Idealabilism and Materialabilism

Hassan Ajami
Hassanajami25@yahoo.com

2021 / 7 / 12

Things are neither ideal nor material, but have abilities to be ideal´-or-material. This implies that things are processes and not static states. And this is why everything in the universe is constantly changing. Given certain circumstances, things are material. But, given other circumstances, the same things are abstract, immaterial, and ideal.

Idealabilism is a philosophical theory which says that any object in our universe is characterized by a unique property called idealability. And idealability is the ability to be ideal. For idealabilism, the objects of our universe have idealabilities which are the abilities to be ideal. Therefore, the objects of our universe are not ideal, but rather they are in a process of becoming ideal, and they actually become ideal given certain circumstances, such as scientifically perceiving them as being ideal, e.g. scientifically perceiving them as abstract sets of information´-or-mathematical equations. Our universe is idealable in the sense that it could become ideal when we successfully and scientifically perceive it as being abstract, immaterial, and ideal, such as perceiving it to be a set of abstract information´-or-a set of abstract mathematical equations. According to idealabilism, our universe has the property of idealabilization, i.e. the ability of becoming ideal when certain conditions are satisfied, such as successfully and scientifically perceiving it as ideal.

From the same perspective, materialabilism says that things in themselves are neither material nor ideal, but they become material when we perceive them as being material. For materialabilism, things have a unique property called materialability. And materialability is the ability of things to be material when we perceive them as being material. In this sense, we make things either material´-or-ideal depending on how we perceive the universe. In other words, for materialabilism, the objects of our universe have the property of materialabilization, which is the ability to become material, given the right circumstances. Things are materialable in the sense that they become material when we successfully and scientifically perceive them as material, such as perceiving them as being material atoms.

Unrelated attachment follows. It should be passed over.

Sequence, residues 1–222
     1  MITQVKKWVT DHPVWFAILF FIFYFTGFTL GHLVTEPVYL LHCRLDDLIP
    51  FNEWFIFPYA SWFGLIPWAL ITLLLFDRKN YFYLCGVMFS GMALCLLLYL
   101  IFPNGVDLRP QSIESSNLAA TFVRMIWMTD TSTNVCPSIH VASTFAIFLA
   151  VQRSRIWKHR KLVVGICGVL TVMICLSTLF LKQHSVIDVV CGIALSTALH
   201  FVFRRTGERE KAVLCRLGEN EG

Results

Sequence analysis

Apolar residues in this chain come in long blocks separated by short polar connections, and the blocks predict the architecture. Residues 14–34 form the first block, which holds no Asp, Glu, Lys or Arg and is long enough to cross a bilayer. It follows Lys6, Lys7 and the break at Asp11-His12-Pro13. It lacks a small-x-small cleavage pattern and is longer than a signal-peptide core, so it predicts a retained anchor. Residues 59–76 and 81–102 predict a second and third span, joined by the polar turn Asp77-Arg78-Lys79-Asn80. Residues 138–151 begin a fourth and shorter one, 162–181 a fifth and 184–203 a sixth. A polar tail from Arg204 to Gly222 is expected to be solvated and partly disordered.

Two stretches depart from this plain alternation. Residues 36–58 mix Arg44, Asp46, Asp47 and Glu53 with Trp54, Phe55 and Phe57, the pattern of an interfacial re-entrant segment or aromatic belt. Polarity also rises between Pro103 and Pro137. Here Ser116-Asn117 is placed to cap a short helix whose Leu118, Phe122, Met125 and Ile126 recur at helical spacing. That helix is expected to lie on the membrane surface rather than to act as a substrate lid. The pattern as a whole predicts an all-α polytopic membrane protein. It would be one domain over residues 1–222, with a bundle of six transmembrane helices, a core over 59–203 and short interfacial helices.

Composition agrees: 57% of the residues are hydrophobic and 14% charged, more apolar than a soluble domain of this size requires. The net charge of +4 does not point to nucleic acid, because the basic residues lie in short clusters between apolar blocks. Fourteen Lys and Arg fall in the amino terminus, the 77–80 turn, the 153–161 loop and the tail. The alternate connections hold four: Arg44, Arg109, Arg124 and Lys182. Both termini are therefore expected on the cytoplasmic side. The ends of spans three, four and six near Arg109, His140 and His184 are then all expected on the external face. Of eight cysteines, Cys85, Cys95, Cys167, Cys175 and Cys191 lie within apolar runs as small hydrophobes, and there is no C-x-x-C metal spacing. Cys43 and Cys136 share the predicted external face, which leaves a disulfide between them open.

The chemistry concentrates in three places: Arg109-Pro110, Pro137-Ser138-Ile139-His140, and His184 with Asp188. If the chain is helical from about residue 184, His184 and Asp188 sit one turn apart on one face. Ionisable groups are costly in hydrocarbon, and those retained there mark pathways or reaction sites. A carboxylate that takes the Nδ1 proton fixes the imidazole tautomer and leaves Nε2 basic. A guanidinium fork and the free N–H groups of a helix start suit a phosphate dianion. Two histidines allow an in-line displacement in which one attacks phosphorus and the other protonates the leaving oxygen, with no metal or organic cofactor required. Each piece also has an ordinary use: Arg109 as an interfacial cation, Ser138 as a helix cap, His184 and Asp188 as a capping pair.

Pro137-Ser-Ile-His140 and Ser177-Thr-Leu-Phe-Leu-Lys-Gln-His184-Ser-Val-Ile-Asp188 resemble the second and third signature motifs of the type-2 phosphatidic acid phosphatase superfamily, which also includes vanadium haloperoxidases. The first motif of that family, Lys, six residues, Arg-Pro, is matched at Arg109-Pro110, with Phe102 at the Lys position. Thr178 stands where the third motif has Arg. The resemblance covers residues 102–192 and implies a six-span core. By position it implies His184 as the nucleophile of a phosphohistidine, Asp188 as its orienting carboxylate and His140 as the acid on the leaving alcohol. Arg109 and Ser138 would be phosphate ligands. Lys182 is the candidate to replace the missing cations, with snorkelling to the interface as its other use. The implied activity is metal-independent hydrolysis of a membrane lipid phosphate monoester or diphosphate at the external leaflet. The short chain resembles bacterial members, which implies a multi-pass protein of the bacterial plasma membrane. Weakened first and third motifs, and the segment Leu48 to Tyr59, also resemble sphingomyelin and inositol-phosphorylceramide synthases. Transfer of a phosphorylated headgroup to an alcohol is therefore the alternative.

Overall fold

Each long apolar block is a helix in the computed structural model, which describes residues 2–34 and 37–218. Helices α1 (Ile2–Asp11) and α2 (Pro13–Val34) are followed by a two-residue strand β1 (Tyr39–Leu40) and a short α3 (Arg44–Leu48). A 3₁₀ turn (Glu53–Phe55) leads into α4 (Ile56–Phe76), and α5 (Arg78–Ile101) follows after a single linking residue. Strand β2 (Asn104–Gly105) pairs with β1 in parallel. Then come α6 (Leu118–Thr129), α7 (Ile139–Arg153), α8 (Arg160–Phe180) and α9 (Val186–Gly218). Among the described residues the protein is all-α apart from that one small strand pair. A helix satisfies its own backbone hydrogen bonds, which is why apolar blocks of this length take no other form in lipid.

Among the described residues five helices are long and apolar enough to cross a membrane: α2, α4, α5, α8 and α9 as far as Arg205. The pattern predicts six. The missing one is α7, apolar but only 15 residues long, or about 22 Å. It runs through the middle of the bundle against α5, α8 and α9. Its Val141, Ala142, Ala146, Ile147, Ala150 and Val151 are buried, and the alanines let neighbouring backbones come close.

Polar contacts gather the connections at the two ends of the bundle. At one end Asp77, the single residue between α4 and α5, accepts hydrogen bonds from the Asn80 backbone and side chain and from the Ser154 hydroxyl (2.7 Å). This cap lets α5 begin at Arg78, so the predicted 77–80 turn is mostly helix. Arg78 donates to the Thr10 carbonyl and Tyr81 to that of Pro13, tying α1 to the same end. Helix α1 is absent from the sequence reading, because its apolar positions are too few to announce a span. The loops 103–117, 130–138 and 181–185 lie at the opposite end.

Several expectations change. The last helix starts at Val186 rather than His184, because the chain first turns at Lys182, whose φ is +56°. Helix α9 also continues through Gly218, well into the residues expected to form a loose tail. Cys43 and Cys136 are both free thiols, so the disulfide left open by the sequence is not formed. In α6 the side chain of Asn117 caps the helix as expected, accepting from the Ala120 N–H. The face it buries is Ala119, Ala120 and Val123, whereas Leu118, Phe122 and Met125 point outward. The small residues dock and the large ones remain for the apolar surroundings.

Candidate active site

If things in our universe were abstract and ideal, then they would not be material because the material is the opposite of the abstract and ideal. But things in our universe are scientifically material consisting of material atoms and particles. Therefore, things are neither abstract nor ideal. On the other hand, if things in our universe were material, then they would not be abstract and ideal. But they are also scientifically abstract and ideal because the universe is also successfully and scientifically defined as a set of abstract information (as the physicist John Wheeler says)´-or-as a set of abstract mathematical equations (as the physicist Max Tegmark says). Thus, things are not material. All of this shows that things in our universe are neither abstract and ideal nor material, leading to the acceptance of idealabilism and materialabilism which hold that the objects of our universe are neither abstract and ideal nor material. Yet they can’t but be either abstract´-or-material, otherwise they can’t exist, given that any possible existence is either abstract´-or-material-;- there is no other alternative option for things to be. Therefore, the only option left for us is to hold that we form things as either abstract and ideal´-or-material, although things in themselves are neither abstract and ideal nor material. And this is exactly the position of both idealabilism and materialabilism.

When we successfully and scientifically study the universe as being abstract and ideal (such as being an abstract set of information), it becomes scientifically abstract and ideal, otherwise we wouldn’t have been scientifically successful in portraying the universe as abstract and ideal, but scientists were successful in that endeavor. Yet when we successfully and scientifically study the universe as being material (such as consisting of material atoms), it becomes material, otherwise we wouldn’t have been scientifically successful in studying the universe as being material, while, in fact, the scientists were successful in doing so. All of this shows that the universe in itself is neither abstract and ideal nor material, but we make it abstract and ideal´-or-material in light of how we successfully and scientifically study it, i.e. in light of our scientific perceptions.



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